By 5 May 1971, BLMC management was boasting that it had sold 20,000 Marinas in a week. But the good news was not to last as Cowley’s reputation as perhaps the most militant plant in the British Leyland empire re-asserted itself, even with the demise of piecework. On 12 May 1971, 80 maintenance fitters went on strike, halting Marina production. They returned to work after five days, only to walk out again after two hours. Although the dispute was resolved, by 4 June 1971, Marina production was again at a standstill after another 147 maintenance men also walked out. Two weeks later, The Times was reporting that orders for the Marina amounted to 60,000, but only 12,000-14,000 cars had actually been produced at the strike-ridden Cowley plant.
On 25 June 1971 The Times reported: ‘British Leyland has told its 1800 Morris distributors and dealers to ease the sales pressure on the new Marina during the next six weeks while it reduces the backlog of orders to more manageable proportions. The company fears that customers faced with delivery quotations of four or five months will go elsewhere for their new car. Mr Filmer Paradise, sales director of the group’s Austin Morris division, said last night: “We are not pushing for additional Marina business at this time.” He said the present production was about 2,000 a week, and should be increased to 3000 before August.’
In the spring of 1972, a pay claim by workers in the neighbouring body plant resulted in a go-slow and an overtime ban, then a sit-in and then a two-week strike which cost BLMC about £10m in lost production. By now weekly Marina production had been raised to 4000 per week. An estate version of the Marina was announced in October 1972.
During 1973, the Marina managed to become Britain’s second best selling car after the Ford Cortina. Despite this, the disputes at Cowley continued to disrupt Marina production over issues involving work study engineers, drivers, plant attendants, paint sprayers, a hoist, tyre-fitters and outside disputes at major suppliers such as Rubery Owen and Adwest also stopped car output. January to March 1974 saw the imposition of the three-day week, but at least BLMC had the consolation that its rivals in the fleet car market were also afflicted.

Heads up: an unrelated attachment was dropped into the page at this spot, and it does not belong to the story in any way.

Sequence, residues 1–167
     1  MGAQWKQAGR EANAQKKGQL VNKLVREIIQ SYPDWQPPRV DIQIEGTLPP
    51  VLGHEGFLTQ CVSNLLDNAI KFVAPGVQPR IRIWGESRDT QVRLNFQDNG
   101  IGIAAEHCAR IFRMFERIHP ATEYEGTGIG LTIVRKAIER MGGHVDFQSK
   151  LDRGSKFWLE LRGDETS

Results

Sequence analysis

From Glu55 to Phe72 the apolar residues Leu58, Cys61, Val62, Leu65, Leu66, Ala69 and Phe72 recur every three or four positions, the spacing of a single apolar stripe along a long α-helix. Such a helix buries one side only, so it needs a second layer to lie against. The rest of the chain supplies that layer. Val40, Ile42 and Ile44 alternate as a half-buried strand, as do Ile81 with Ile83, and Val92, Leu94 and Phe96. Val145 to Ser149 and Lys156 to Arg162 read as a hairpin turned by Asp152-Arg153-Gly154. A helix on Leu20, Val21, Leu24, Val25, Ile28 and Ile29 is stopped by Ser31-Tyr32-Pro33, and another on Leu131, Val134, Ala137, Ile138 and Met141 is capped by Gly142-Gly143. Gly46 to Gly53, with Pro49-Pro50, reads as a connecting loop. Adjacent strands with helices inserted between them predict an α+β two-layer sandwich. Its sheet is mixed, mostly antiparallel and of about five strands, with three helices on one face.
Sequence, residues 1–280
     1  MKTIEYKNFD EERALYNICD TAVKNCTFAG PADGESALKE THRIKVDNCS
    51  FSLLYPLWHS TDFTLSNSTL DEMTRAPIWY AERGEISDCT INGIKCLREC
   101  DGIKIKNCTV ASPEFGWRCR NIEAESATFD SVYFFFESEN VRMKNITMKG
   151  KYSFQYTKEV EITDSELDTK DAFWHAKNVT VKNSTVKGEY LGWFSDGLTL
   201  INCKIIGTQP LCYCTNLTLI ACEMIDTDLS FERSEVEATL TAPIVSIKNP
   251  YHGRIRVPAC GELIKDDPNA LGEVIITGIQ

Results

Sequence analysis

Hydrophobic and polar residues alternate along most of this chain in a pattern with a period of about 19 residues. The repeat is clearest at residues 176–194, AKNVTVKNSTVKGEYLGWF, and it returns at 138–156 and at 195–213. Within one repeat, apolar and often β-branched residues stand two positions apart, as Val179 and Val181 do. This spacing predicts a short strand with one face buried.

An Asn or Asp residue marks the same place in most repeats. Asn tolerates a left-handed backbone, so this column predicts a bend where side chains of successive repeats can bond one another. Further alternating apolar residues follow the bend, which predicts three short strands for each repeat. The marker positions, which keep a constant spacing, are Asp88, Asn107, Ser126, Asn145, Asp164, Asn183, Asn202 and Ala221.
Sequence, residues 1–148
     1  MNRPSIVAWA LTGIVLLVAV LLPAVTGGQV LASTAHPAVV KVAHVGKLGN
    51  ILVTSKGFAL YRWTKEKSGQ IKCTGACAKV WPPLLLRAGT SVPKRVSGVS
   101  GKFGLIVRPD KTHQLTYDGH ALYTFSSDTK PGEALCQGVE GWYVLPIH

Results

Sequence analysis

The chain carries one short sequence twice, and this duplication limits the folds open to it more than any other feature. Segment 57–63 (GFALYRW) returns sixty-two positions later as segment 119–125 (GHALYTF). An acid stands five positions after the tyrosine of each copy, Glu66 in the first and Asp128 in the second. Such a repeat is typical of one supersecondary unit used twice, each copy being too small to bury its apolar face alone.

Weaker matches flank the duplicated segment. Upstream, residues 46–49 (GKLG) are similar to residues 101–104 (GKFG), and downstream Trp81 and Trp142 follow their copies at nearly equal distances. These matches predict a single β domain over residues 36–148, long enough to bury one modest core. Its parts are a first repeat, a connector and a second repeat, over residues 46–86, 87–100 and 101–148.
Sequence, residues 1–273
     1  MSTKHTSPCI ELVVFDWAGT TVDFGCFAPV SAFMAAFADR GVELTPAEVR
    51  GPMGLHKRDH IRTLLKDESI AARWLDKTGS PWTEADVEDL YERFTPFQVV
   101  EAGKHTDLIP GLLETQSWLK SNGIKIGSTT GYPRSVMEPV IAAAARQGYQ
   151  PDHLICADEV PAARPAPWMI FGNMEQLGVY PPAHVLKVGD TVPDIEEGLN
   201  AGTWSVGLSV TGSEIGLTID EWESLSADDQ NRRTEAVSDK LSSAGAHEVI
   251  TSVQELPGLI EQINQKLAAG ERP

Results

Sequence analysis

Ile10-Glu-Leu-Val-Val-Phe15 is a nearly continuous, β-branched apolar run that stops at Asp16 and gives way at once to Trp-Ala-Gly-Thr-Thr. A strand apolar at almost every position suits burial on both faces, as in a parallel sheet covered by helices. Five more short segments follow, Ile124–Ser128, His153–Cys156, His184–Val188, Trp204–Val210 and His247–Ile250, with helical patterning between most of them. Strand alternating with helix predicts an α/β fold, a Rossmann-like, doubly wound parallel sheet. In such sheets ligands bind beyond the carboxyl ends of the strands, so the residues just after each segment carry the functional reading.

During 1974, disruption at Cowley seemed to move up a gear as speculation in the press mounted as to the true state of British Leyland’s finances. By July 1974, Marina production was now reported as 4250 per week – still short of the planned 5000 – but respectable enough.
Heading to crisis
As BLMC plunged deeper and deeper into crisis in 1974, work was started on the planned ADO77 Marina replacement. Because sales of the Morris Marina had never lived up to the heady expectations of it made during its development, the decision was made that the new car should follow the Cortina upmarket into the 2-litre class. Once BLMC became bankrupt and Ryder took over, the car was put under close scrutiny by management. Allegro and Marina most definitely were not earning their keep and were not making nearly enough money to fund the development of the ADO77 – and anyway, not only did the new car sit uncomfortably close in terms of size to the soon-to-appear Leyland ADO71 (18/22 Series, Leyland Princess), but practically mirrored the work that was going on over in Solihull on the SD2 Dolomite replacement.
Needless to say, the ADO77 was dropped, which meant that the Marina was now on its own, for better or for worse. As it was, sales of the Marina continued to hold up well during the Seventies, generally holding third or fourth in the UK sales charts, but it did not disguise the fact that marketing-led development was no substitute for genuine product development and, as time went on, the Marina’s shortcomings were becoming increasingly evident.
As far as the development story of the Marina went, there was little more to tell: nothing much happened until 1975, when the lightly-revised Series 2 version appeared, sporting a different range of trim designations and a revised dashboard. Motor magazine’s 1978 road test of the 1.8 HL concluded with this summary: ‘Overall a disappointing car whose impressive performance is completely overshadowed by excessive noise levels. The top-of-the-range Marina … does not live up to Leyland’s “Executive express” tag. Dated suspension gives crude handling characteristics and mediocre roadholding. Moderately comfortable but driving position poor. A dated car that is way behind its competitors.’
The Marina’s rivals were becoming increasingly sophisticated and, now that the ADO77 was no more, the original car had nothing in its portfolio with which to fight the likes of the Cortina MkIV and the new Opel-engineered Vauxhall Cavalier.
Development on the Marina was in the pipeline, but it was very much on a shoestring. In time for the 1978 NEC motor show, Austin-Morris announced the long-awaited O-Series engine and the first recipient for this OHC power unit was to be the Princess followed by the Morris Marina. The O-Series engine was initially conceived as an OHC version of the venerable B-Series engine, but soon developed into an entirely new engine, sharing no parts with its long-lived predecessor. The oddly sized 1698cc engine eventually appeared on the market as an engine that was desperately in need of further development, seriously lacking refinement.